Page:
Law360 (August 27, 2020, 8:32 PM EDT) -- The state of New Jersey has filed 12 new environmental lawsuits against alleged polluters in low-income and minority communities across the Garden State as part of what the attorney general on Thursday called the state's commitment to environmental justice.
In a press release announcing the suits, the attorney general's office and the New Jersey Department of Environmental Protection said the alleged polluters are contributing to serious health issues in low-income, non-English-speaking and minority communities that are simultaneously struggling with the devastating impacts of the COVID-19 pandemic.
Attorney General Gurbir S. Grewal said the lawsuits are a reflection of the state's commitment to environmental justice principles and its interest in seeking justice for low-income communities and communities of color.
"The scourge of COVID-19 has put a harsh spotlight on the way environmental injustices affect our basic health, and we're going to do the hard work necessary to protect communities from dumping, contamination and other illegal activities," Grewal said. "The message to New Jersey residents should be clear: everyone, and I really mean everyone, deserves to breathe clean air and live in a safe environment."
The suits target alleged polluters including gas stations, auto repair shops and fabric production shops across the state, accusing them of discharging volatile organic chemicals and contaminated stormwater, gasoline soil contamination and other violations. The pollution is associated with respiratory tract infections, chronically reduced lung function, kidney problems, neurological disorders and certain cancers, all of which could be exacerbated by COVID-19, according to the press release.
They suits were filed under a variety of state laws including New Jersey's Spill Compensation and Control Act, Water Pollution Control Act, Air Pollution Control Act, Solid Waste Management Act, Industrial Site Recovery Act and the Brownfield and Contaminated Site Remediation Act.
NJDEP Commissioner Catherine R. McCabe said her department's actions alongside the attorney general's office highlight the commitment of New Jersey Gov. Phil Murphy to act on environmental justice and equity.
"Together, we are holding accountable those who, by design or circumstance, disproportionately harm the environment and communities of our low-income and minority neighbors," McCabe said. "Today's lawsuits complement the many ways that we pursue environmental justice, standing with every New Jersey community and for the shared natural resources that unite us."
The lawsuits follow on the heels of other efforts by Grewal and McCabe to enforce environmental laws and take action on environmental justice priorities, according to the press release.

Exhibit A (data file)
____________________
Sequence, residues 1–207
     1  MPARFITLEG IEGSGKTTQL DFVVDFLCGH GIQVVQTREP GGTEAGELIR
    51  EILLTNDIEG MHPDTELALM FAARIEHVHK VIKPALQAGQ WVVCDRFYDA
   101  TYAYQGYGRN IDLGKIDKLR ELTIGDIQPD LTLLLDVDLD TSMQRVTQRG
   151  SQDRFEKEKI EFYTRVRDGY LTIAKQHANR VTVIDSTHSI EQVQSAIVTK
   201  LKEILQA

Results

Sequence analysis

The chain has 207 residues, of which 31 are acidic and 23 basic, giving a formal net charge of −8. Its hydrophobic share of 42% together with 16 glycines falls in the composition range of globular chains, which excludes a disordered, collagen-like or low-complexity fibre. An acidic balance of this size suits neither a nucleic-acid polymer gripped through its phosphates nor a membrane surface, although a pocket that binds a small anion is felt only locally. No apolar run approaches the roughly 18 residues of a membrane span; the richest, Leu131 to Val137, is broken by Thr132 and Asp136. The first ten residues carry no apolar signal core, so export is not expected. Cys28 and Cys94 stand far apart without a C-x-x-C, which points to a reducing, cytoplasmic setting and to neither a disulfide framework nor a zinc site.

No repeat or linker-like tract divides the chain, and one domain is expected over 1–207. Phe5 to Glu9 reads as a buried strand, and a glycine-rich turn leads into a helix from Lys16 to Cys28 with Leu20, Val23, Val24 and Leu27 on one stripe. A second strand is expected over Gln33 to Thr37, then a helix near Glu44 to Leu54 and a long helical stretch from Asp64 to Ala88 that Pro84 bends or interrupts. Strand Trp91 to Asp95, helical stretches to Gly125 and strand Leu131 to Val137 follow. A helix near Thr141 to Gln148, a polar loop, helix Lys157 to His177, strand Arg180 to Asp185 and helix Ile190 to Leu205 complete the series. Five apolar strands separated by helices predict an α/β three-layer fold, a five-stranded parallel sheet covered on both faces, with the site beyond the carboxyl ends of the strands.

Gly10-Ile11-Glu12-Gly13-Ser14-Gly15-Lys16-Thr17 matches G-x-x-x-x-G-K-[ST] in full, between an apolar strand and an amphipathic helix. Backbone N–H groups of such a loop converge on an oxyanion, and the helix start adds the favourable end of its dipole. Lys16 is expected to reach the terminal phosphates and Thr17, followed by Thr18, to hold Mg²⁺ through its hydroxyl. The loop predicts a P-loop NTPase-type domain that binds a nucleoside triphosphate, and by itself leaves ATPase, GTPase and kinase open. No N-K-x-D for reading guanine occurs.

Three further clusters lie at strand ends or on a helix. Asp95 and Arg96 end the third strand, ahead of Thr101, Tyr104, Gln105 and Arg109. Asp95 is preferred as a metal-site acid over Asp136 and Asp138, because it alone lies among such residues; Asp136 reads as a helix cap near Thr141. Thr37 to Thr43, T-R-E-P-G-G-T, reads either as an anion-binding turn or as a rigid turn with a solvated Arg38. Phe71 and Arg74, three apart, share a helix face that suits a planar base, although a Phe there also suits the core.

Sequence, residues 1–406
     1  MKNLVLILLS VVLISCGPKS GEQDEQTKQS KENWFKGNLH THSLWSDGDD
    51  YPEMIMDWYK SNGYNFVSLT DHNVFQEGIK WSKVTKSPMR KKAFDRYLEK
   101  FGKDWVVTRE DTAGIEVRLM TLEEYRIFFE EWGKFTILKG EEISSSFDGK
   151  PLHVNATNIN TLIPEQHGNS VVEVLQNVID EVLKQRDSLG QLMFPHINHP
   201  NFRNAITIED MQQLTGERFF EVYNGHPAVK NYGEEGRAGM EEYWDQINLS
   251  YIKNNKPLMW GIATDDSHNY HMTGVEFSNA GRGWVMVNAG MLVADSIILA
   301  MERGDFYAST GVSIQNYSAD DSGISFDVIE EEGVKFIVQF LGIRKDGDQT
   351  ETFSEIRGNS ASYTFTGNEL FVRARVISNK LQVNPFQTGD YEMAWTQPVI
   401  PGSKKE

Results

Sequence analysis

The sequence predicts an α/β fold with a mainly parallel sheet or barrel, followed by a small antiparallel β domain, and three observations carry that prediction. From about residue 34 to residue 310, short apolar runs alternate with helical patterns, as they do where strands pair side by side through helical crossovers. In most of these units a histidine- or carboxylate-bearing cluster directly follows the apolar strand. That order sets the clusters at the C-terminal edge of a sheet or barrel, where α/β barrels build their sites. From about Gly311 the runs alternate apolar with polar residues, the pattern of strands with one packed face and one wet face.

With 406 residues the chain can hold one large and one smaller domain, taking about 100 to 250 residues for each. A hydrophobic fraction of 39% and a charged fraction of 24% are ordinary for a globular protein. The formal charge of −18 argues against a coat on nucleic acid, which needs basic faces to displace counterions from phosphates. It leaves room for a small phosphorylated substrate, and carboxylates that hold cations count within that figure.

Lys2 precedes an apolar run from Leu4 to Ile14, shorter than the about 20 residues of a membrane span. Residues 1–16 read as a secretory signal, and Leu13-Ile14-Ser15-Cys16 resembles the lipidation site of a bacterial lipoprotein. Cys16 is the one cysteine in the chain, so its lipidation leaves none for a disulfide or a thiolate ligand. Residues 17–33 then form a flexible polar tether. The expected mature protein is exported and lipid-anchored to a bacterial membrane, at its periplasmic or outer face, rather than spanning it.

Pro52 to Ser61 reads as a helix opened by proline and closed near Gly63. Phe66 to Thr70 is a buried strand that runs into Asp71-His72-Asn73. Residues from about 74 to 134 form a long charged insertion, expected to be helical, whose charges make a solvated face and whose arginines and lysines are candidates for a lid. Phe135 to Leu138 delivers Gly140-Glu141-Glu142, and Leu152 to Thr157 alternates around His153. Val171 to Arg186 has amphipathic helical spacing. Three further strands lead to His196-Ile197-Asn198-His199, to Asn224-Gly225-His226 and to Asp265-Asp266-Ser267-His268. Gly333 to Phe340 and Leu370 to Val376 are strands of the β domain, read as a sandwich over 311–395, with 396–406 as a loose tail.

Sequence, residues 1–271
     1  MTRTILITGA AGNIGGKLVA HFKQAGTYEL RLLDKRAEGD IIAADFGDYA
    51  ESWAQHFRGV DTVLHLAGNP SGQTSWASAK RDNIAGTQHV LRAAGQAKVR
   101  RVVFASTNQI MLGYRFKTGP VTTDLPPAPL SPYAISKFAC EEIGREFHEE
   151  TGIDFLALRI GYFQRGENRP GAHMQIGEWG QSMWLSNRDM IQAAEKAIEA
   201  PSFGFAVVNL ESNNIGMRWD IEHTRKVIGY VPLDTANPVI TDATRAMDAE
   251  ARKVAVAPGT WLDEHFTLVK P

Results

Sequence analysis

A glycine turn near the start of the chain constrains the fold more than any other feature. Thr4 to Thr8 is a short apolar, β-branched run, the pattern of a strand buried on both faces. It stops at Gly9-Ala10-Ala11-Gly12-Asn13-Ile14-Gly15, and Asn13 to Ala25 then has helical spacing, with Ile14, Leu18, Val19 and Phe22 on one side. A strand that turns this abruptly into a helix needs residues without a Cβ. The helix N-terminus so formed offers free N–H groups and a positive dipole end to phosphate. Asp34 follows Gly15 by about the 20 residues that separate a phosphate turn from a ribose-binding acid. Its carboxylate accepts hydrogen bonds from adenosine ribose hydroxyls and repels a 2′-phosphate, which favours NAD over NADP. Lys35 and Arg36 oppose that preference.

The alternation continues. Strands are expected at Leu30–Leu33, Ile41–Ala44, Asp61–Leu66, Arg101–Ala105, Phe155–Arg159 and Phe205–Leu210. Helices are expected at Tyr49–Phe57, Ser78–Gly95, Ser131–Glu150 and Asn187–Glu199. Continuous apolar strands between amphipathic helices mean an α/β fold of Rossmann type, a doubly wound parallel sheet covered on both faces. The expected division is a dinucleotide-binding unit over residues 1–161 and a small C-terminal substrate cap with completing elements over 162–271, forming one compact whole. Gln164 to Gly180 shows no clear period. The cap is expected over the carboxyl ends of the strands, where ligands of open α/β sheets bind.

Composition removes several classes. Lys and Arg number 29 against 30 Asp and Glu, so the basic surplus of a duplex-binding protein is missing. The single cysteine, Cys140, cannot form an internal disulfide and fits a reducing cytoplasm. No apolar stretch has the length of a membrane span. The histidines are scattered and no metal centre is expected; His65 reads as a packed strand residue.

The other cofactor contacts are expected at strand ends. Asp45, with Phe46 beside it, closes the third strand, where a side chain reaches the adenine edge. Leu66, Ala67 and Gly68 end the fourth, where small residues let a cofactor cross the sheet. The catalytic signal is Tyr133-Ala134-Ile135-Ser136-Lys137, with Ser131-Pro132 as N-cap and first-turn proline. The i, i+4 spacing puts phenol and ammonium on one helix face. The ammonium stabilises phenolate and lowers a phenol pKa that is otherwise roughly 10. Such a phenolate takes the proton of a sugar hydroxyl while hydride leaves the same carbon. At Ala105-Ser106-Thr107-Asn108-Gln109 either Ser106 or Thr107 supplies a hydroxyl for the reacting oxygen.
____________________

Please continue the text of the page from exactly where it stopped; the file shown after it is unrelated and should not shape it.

Those previous actions include creating a new Environment Enforcement and Environmental Justice section of the attorney general's office and suing chemical companies like DuPont, ExxonMobil and manufacturers and distributors of per- and polyfluoroalkyl substances, also known as "forever chemicals" for their longevity in the environment and human body.
The state has also filed lawsuits targeting federal government initiatives, including the Trump administration's efforts to roll back climate change, clean air and clean water rules. Additionally, the state has sought to stop federal efforts to allow offshore drilling off the state's coast.
Jeff Tittel, the director of the Sierra Club in New Jersey, told Law360 on Thursday that the group supports the lawsuits and the state's efforts to enforce environmental laws and protect vulnerable communities, but said that there are hundreds of other polluters that need to be brought to court and a lot more work to be done. Tittel said that for decades polluters have been allowed to get away with the contamination and that has significantly damaged communities across New Jersey.
"We're hopeful," he said. "I think we're turning a battleship but at least the battleship is starting to turn."
The alleged polluters either couldn't be reached or didn't respond to requests for comment.
The state is represented by Robert G. Lamilla, Dom Stockton Lamilla, Mark A. Fisher, Matthew D. Orsini, Robert Kinney, William T. Rozell, Erin M. Hodge, Thomas Lihan, Buffy L. Wilson, Willis A. Doerr, Samuel R. Simon and Kevin A. Terhune of the New Jersey Attorney General Office.
Counsel information for the alleged polluters was not immediately available.
The cases filed in Cumberland County Superior Court are NJDEP et al. v. Nature's Choice Corp. et al., case number CUM-L-000538-20; and NJDEP et al. v. Ennis Hyman et al., case number unavailable.
The cases filed in Essex County Superior Court are NJDEP et al. v. Penick Corp. et al., case number ESX-L-005696-20; NJDEP v. Little Mason Properties LLC et al., case number ESX-L-005700-20; New Jersey et al. v. Little Mason Properties LLC. et al., case number ESX-L-005698-20; and NJDEP et al. v. 43-45 South Center Street LLC et al., case number unavailable.
The cases filed in Hudson County Superior Court are NJDEP et al. v. Fathi Hassanien et al., case number HUD-L-003102-20; and New Jersey et al. v. 125 Monitor Street JC LLC, case number unavailable.
The cases filed in Passaic County Superior Court are Commissioner of the NJDEP et al. v. Adolfo Gonzalez et al., case number PAS-L-002545-20; and NJDEP et al. v. American Fabric Processors et al., case number PAS-L-002544-20.
The cases filed in Union County Superior Court are NJDEP v. Little Mason Properties LLC et al., case number UNN-L-002746-20; and New Jersey et al. v. Elizabeth Bolt & Nut Manufacturing Corp. et al., case number UNN-L-002747-20.
--Editing by Breda Lund.
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